• Teresa of Avila prayed, “Let me not be afraid to linger here in your presence will all my humanity exposed. For you are God – you are not surprised by my frailties, my continuous failures.” Can you use these words as the basis for a prayer of your own?

Abba, it’s dreadfully painful to have “all my humanity exposed” before anyone, including you. It’s in your presence though, that I am exposed yet safe. In spite of my all my humanity, may I linger before you today, presenting myself for healing – and may I do this without any attempt to lessen the pain by offering up explanations or excuses.

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For More: Contemplative Prayer by Thomas Merton;
Let Nothing Disturb You by Teresa of Avila

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These “Daily Riches” are for your encouragement as you seek after God, and he seeks after you. My goal is to provide you with something of uncommon value each day in 400 words or less. Please follow and share my blog. I appreciate your interest!  –  Bill (Psalm 90:14)

Daily Riches: Faith (Nadia Bolz Weber, Romero, Tillich, Stott, Packer, Edman, Bounds, LLoyd-Jones, Yancey, Cook, Brueggemann, Merton, Willard)

“Catholic theologian James Allison [talked] about how we think faith is about striving – keeping parameters, calling people out for not having it right, spiritual practices, doctrinal purity… whatever – but that really faith is about relaxing. Specifically, relaxing in the way we do when we are with a friend who we know for certain is fond of us. We don’t have to strive around them and we somehow still become our best self – funny, spontaneous, free. Allison suggests that faith is trusting so much that God is fond of us that we just …relax”. Nadia Bolz Weber

“Faith consists in accepting God without asking him to account for things according to our standard. Faith consists in reacting before God as Mary did: I don’t understand it, Lord, but let if be done in me according to your word.”  Oscar Romero

“Faith is the courage …to accept that God loves me as I am and not as I should be, because I’m never going to be as I should be.”  Paul Tillich

J. I. Packer – “self-abandoning trust in the person and work of Jesus”
Raymond Edman – “trusting in the dark what God told you in the light”
Martin Lloyd-Jones – “the refusal to panic”
Philip Yancey – “trusting in advance, what will only make sense in reverse”
Bob Cook –  “expecting God to act like God.”
Thomas Merton – “convinced of the reliability of God.”
Dallas Willard –  “confidence grounded in reality.”
Walter Brueggemann – “openness to wonder and awe in glad praise.”
Oswald Chambers – “unutterable trust…which never dreams that He will not stand by us”
Martin Luther – “permitting ourselves to be seized by the things we do not see”
John Stott – “a trust which reckons thoughtfully and confidently upon the trustworthiness of God.”

“Though He slay me,
yet will I trust Him.”
Job 13:15a

Moving From Head to Heart

  • Can you relax with God like you do with your best friend?  Does he love you “as you are and not as you should be?”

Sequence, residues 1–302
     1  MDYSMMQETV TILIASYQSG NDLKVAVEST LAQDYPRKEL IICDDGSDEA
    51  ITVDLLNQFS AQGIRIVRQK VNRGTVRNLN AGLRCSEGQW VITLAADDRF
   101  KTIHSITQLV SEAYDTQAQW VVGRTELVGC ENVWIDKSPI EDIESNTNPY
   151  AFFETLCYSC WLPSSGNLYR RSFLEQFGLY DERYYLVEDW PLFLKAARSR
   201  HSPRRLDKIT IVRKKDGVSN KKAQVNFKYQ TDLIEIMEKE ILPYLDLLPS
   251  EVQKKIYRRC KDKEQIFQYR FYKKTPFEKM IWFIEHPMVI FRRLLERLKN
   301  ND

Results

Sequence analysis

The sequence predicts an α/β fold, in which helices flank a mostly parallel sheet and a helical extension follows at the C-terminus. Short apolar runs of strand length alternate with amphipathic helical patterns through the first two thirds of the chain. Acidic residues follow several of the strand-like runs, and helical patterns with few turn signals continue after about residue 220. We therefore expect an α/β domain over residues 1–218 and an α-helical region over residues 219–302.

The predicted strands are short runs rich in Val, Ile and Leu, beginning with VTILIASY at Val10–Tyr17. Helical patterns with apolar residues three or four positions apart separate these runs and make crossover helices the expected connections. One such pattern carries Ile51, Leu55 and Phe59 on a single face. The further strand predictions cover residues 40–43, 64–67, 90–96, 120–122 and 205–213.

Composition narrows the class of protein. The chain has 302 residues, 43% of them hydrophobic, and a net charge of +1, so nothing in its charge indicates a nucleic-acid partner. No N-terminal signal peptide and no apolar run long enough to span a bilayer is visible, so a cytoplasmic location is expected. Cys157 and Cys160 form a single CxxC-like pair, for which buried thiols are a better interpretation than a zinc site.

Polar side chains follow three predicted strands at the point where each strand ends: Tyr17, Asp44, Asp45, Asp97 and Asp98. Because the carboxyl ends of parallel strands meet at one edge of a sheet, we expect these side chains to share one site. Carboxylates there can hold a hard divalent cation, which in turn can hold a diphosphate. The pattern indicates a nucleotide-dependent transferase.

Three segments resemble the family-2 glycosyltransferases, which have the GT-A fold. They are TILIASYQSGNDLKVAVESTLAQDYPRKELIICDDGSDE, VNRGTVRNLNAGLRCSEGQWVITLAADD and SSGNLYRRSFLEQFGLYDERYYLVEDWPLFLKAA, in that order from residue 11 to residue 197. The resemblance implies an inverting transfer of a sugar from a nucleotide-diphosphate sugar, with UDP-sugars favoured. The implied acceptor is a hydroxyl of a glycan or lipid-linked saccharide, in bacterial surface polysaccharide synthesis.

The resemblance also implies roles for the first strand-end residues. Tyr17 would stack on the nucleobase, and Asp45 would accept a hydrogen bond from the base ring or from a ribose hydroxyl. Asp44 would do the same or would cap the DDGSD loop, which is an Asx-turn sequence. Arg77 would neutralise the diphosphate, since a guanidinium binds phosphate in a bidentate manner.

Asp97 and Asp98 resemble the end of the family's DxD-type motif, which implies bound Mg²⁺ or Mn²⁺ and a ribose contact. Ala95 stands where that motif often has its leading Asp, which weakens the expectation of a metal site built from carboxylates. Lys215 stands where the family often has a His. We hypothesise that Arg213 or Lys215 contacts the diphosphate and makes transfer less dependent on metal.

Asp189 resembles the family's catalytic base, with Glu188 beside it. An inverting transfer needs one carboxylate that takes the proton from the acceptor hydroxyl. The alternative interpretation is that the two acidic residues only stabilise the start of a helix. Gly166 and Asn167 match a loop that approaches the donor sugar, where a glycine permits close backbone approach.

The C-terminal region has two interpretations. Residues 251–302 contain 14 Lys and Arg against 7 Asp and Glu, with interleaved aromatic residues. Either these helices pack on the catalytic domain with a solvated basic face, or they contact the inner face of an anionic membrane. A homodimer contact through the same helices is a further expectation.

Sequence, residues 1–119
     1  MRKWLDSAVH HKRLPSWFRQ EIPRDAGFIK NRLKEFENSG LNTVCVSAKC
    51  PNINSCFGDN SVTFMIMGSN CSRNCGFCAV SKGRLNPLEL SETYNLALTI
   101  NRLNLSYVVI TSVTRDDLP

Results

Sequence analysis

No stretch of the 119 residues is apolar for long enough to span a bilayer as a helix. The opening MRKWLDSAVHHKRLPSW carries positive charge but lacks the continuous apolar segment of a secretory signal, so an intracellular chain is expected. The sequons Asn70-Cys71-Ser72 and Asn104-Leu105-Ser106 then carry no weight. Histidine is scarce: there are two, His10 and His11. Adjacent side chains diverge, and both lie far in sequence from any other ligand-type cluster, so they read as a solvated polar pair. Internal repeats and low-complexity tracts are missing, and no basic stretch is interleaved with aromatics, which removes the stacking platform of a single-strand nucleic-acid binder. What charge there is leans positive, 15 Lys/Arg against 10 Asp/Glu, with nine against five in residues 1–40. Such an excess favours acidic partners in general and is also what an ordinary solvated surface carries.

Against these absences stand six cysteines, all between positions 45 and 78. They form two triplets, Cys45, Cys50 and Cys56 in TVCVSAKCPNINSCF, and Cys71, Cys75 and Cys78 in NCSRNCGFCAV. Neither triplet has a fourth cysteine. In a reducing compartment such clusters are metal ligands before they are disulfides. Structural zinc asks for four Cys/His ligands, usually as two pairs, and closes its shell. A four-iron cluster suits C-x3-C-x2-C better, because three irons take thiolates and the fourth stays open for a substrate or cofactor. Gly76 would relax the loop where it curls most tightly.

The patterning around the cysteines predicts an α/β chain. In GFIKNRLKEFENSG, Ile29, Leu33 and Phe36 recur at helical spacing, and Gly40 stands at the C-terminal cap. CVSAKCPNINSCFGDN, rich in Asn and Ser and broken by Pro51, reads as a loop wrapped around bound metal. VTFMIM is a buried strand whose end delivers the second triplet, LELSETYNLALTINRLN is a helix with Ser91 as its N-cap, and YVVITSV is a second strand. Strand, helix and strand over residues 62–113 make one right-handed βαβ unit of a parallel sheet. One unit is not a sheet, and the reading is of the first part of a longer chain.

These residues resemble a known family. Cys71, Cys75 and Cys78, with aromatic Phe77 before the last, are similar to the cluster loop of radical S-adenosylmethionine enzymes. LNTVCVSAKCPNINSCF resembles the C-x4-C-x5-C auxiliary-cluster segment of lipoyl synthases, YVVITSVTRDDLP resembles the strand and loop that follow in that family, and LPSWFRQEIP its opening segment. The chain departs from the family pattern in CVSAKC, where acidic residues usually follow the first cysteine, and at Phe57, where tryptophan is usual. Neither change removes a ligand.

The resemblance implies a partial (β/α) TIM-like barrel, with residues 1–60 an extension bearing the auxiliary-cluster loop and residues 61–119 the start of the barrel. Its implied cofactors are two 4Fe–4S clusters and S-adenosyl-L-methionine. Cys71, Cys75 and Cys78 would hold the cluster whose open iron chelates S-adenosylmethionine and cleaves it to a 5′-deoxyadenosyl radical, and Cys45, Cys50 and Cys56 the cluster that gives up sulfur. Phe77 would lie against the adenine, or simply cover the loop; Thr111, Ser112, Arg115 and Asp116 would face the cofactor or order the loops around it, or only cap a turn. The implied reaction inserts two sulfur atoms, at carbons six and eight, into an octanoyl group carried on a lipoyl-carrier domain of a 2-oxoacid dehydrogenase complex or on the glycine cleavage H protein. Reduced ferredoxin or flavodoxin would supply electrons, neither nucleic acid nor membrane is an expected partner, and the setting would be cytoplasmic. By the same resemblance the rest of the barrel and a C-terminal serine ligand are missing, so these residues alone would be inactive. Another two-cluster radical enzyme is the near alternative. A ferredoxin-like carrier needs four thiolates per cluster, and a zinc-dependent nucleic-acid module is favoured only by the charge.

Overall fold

• Are you “seized by” things unseen? trusting what will often only make sense later? refusing to ask God “to give an account?”
  • Can you “abandon” yourself to God like Martin Luther, Oscar Romero and Job did? If not, why not?

Abba, I will trust in you. Only you have the words of life.


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Thanks for reading!  –  Bill (Psalm 90:14)

 

Daily Riches: When the Sacred Becomes Vulgar (F. W. Robertson, Thomas Merton, Bernard of Clairvaux and Brennan Manning)

“There are transfiguration moments, bridal hours of the soul; and not easily forgiven are those who would utter the secrets of its high intercourse with their Lord. There is a certain spiritual indelicacy in persons that cannot perceive that not everything which is a matter of experience and knowledge is therefore a subject for conversation. You cannot discuss such subjects without vulgarising them.” F. W. Robertson

“All speech is impertinent, it destroys the simplicity of that nothingness before God by making it seems as if it had been ‘something.’” Thomas Merton

“… they are readier to speak than to listen, eager to teach that which they do not know.” Bernard of Clairvaux

“Do the truth quietly without display.” Brennan Manning

“The kingdom of God is not a matter of talk
but of power.”
1 Corinthians 4:20

 Moving From the Head to the Heart

  • James insists that a man must “keep a tight reign on his tongue” (James 1:26), and that seems particularly difficult in this area where the ego cries out for attention and admiration. Do you find yourself sharing your intimate experience with the Lord as a “matter of conversation?” If so, take some time to consider your motivations.
  • After a conversation, are you sometimes convicted that you were “eager to teach that which you do not know?” If so, again, what does this say about you?
  • Merton says that talking about the “simplicity” of something wonderful between us and God “destroys” it. That’s what’s at stake here – what Robertson calls a “vulgarising.” It’s not hard to see this shortcoming in ourselves and others. That makes this a good time to remember how patient and understanding God is with us in our weaknesses.